Often we like to look to the logic of an innovation to determine whether or not it will succeed. Perhaps instead, we should look to the music of an innovation. In the story below, ideas are transformed into tones to shelter them from the rough transit into the flow of time. Nietzsche’s Innovator seeks first to reach the ear and the heart, not the brain. The determining factor of survival is not truth or error, open or closed, logical or nonsensical— but whether a seedling can be planted and survive the rigors of natural selection. The Innovator speaking of his creation says: “…a seedling can only be destroyed– not refuted.”
I have called this principle, by which each slight variation, if useful, is preserved, by the term Natural Selection.
– Charles Darwin, The Origin of Species
By welcoming “storms, doubts, worms, and nastiness,” the Innovator embraces change and the possibility of failure. It’s not enough for an innovation to be spun into the friction-less space of the mind, it must be planted in the soil and given the chance to grow.
Music and innovation are mixed together in the practice of design thinking. Imagine Apple’s products without the music of their design. Although music should not be confused with beauty. As the economy tightens, standing next to the next generation of innovative products, we’ll be on the look out for the Music Man, the Pied Piper and the next singer-songwriter.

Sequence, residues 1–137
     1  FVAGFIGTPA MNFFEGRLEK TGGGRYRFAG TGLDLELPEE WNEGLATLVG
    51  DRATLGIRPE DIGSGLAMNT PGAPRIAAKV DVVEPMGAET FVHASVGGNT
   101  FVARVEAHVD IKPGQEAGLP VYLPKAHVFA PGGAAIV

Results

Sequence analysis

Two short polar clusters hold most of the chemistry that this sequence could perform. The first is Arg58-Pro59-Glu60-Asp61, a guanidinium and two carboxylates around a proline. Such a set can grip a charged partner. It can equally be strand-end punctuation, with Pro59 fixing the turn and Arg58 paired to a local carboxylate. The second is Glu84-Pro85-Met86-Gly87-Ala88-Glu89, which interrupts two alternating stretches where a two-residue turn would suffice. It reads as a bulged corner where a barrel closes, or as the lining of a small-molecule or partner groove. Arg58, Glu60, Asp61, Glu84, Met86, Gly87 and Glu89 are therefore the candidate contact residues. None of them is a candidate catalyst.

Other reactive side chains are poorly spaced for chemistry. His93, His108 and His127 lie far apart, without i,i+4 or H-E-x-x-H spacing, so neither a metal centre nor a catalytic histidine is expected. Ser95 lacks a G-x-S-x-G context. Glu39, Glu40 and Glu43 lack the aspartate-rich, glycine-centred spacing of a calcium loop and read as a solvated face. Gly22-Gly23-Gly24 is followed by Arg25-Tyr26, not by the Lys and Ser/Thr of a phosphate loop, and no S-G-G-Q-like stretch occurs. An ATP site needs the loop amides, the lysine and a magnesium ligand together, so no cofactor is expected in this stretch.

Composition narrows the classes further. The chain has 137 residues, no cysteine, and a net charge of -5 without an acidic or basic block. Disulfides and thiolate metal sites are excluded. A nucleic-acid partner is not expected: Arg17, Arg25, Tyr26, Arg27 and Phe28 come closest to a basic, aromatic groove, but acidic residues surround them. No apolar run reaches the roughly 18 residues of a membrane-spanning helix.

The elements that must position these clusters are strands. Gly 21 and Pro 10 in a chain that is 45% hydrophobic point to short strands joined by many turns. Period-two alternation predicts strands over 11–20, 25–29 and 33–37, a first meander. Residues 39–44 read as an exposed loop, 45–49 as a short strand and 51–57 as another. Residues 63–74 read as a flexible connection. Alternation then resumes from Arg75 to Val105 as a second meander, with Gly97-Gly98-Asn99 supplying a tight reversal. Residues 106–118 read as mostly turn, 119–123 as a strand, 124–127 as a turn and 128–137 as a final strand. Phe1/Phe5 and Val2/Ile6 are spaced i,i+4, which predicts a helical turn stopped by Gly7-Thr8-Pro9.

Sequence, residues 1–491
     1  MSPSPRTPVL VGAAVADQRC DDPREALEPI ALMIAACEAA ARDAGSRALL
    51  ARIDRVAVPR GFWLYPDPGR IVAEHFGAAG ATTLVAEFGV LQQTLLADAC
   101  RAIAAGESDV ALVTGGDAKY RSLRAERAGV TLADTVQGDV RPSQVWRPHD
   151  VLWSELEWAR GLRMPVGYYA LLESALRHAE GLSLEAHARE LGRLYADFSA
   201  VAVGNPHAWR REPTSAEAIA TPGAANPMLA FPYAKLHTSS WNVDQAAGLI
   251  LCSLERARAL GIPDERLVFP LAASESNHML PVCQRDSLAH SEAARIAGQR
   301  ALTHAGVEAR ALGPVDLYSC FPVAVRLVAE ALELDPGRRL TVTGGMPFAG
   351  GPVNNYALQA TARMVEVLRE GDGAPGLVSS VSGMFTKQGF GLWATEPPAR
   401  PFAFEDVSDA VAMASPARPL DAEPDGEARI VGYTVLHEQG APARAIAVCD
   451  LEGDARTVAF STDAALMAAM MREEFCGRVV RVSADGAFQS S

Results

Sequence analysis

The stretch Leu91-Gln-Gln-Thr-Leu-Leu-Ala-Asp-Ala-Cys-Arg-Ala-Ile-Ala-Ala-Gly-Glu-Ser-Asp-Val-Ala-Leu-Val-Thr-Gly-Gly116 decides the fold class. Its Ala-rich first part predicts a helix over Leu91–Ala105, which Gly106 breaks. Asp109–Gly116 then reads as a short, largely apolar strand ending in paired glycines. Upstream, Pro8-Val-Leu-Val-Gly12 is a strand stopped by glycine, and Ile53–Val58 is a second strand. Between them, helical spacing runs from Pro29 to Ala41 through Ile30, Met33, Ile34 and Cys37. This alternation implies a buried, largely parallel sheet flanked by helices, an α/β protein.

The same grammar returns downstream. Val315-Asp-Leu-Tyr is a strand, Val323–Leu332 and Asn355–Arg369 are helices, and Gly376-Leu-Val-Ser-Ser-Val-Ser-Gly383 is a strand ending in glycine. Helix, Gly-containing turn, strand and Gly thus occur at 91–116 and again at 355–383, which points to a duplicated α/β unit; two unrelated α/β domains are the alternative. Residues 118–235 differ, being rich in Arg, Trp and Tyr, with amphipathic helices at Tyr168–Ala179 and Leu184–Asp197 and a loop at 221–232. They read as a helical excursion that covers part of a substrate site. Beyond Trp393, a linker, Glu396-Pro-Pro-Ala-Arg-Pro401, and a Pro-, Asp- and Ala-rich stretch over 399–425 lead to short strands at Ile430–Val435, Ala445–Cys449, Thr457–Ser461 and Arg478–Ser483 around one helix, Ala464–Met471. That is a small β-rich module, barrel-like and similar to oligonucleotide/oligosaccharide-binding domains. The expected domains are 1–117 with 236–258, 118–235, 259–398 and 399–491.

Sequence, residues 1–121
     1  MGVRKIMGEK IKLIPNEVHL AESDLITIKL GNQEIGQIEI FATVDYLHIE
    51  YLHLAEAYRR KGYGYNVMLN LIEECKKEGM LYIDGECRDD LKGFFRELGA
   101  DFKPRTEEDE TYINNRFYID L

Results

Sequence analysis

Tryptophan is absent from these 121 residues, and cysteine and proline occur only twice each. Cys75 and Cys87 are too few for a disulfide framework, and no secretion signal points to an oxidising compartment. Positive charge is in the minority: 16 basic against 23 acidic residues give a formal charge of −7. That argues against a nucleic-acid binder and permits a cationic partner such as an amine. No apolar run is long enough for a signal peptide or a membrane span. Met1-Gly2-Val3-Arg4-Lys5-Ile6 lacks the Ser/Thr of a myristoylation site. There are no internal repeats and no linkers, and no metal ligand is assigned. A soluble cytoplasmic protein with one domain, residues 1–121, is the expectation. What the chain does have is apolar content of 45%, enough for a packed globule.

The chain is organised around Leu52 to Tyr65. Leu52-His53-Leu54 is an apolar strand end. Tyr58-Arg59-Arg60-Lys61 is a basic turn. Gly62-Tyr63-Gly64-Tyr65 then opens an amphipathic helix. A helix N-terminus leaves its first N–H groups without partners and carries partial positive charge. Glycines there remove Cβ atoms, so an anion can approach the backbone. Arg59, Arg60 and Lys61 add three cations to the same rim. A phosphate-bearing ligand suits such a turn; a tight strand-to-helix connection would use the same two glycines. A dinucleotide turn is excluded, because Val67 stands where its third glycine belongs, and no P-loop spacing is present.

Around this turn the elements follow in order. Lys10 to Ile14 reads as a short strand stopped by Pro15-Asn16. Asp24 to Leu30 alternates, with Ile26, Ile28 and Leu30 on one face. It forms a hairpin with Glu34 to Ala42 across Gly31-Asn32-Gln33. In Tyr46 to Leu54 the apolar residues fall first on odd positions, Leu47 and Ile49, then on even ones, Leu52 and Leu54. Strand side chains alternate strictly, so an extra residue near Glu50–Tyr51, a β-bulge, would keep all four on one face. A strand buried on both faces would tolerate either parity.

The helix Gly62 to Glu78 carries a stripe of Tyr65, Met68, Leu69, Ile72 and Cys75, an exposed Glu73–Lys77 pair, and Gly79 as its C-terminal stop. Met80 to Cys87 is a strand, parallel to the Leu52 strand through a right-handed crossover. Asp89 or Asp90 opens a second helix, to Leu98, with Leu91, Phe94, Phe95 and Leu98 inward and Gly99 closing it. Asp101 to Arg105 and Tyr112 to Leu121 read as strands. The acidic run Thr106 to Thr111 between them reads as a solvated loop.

Music as an advocate
“I am thirsting for a composer,” said an innovator to his disciple, “who would learn my ideas from me and transpose them into his language; that way, I should reach men’s ears and hearts far better. With music one can seduce men to every error and every truth: who could refute a tone?” “Then you would like to be considered irrefutable?” said his disciple.
The innovator replied: “I wish for the seedling to become a tree. For doctrine to become a tree, it has to be believed for a good while; for it to be believed, it has to be considered irrefutable. The tree needs storms, doubts, worms, and nastiness to reveal the nature and strength of the seedling; let it break if it is not strong enough. But a seedling can only be destroyed– not refuted.
When he had said that, his disciple cried impetuously: “But I believe in your cause and consider it so strong that I shall say everything, everything that I still have in my mind against it.”
The innovator laughed in his heart and wagged a finger at him. “This kind of discipleship,” he said then, ” is the best; but it is also the most dangerous, and not every kind of doctrine can endure it.”